Hitmisu : The name means “secret” in Japanese
Aesthetically, the 60-seat bar evokes the clandestine nature of the American Prohibition with the careful intricacy of Japanese mixology. Realised in a moody palette of rich textures and colours, the lounge combines pre-existing features like exposed industrial structures with smooth concrete panels, leather banquettes and an illuminated copper bar that appropriately shines the spotlight on the cocktail-making process. Dixon’s Melt pendants hang artistically overhead, while smoked mirror glass and marble tabletops, Scoop armchairs and shiny Etch tea light holders complete the elegant setting.
With a drink menu co-created by Shingo Gokan, director of the cult New York City bar Angel’s Share, we predict that once there, visitors are most likely going to be staying awhile.
The name means “secret” in Japanese. The mystery is hidden in plain sight behind a faux storefront. Entrance requires a reservation, then a keypad code that opens a mechanical door to a black box anteroom, where you’re checked in for a table or seat at the bar.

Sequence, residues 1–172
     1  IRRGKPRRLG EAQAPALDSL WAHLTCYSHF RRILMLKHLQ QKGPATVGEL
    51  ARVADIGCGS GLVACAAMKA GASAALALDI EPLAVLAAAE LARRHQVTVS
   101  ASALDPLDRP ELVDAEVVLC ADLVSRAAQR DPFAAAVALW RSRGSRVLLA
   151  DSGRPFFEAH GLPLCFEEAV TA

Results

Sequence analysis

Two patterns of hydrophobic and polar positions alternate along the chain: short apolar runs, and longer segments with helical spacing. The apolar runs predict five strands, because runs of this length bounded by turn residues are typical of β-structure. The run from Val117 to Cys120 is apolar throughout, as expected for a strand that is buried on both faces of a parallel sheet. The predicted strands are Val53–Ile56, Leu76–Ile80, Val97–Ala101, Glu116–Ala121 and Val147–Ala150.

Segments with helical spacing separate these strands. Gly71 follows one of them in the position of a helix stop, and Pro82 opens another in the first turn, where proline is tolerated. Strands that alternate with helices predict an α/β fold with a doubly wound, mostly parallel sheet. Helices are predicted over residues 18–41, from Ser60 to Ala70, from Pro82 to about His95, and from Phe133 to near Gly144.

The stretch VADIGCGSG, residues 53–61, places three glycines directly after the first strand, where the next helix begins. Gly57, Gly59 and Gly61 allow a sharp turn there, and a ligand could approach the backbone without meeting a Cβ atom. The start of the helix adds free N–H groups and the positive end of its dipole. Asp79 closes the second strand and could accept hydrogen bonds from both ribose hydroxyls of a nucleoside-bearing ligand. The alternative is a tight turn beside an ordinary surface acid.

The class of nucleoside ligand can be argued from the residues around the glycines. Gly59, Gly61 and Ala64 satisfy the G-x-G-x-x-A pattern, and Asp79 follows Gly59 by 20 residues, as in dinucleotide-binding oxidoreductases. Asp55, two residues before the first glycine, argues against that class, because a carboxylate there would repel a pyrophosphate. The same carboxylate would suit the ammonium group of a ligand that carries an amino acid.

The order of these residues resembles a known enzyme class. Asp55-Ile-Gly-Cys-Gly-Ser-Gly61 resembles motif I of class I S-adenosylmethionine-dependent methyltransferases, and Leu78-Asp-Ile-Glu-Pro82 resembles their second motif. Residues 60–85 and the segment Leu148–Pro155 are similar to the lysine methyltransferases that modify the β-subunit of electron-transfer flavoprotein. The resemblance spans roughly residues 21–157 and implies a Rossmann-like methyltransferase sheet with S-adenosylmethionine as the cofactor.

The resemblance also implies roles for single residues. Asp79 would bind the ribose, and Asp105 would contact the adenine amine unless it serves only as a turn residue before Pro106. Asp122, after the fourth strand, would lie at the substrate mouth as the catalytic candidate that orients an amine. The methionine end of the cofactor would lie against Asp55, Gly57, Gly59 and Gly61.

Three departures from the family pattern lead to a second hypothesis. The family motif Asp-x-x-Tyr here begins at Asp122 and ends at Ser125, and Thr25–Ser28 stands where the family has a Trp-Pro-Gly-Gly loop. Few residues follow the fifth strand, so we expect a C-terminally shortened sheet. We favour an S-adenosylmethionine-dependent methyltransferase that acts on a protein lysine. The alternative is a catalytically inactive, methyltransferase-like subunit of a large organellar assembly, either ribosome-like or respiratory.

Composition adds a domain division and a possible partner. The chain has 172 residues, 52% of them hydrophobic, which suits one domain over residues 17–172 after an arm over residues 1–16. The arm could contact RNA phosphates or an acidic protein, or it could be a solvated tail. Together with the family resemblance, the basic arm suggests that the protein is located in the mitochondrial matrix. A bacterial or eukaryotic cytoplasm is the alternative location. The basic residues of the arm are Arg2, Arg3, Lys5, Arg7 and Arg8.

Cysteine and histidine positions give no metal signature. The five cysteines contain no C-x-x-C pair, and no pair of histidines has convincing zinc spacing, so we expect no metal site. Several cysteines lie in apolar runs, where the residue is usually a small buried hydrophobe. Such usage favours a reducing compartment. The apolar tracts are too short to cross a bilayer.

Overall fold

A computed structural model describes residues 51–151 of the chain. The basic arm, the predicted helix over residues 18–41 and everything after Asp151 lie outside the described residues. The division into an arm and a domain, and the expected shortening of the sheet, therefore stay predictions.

If all that sounds exclusive, it is, including the upscale design, original artwork, Japanese plates and Baccarat stemware.
The project from Umi partners and art and culture mavens, Charlie Hendon of Hendon Properties and Farshid Arshid of Fontanell Management, is another showcase for Umi sushi master Fuyuhiko Ito and his equally creative pastry chef wife, Lisa Matsuoka Ito.
The beverage program is the creation of Shingo Gokan, the exacting artistic force behind Angel’s Share in New York City — a speakeasy spot tucked away inside a Japanese restaurant that helped launch the craft cocktail revolution. T. Fable Jeon, one of Atlanta’s best young bartenders, is in charge of Himitsu, and contributing his own classic cocktail takes.
While he was in town recently for a pop-up event at Umi, Gokan explained that the Himitsu cocktail menu features seven signature drinks and seven classic twists.
“Each drink is named after the main ingredient of the cocktail in Japanese,” Gokan said. “For example, the Toryufu is truffle in Japanese.” The drink is made with pear-infused vodka, sweetened with white truffle honey, topped with sparkling Indian tonic and served in a flute with a thin slice of black truffle for garnish.